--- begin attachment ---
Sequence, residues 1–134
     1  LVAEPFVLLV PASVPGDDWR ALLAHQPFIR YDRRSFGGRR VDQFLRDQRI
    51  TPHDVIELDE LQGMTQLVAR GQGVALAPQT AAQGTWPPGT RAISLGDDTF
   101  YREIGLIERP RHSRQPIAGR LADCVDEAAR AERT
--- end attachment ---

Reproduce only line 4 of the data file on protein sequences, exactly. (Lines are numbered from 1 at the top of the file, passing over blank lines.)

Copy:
   101  YREIGLIERP RHSRQPIAGR LADCVDEAAR AERT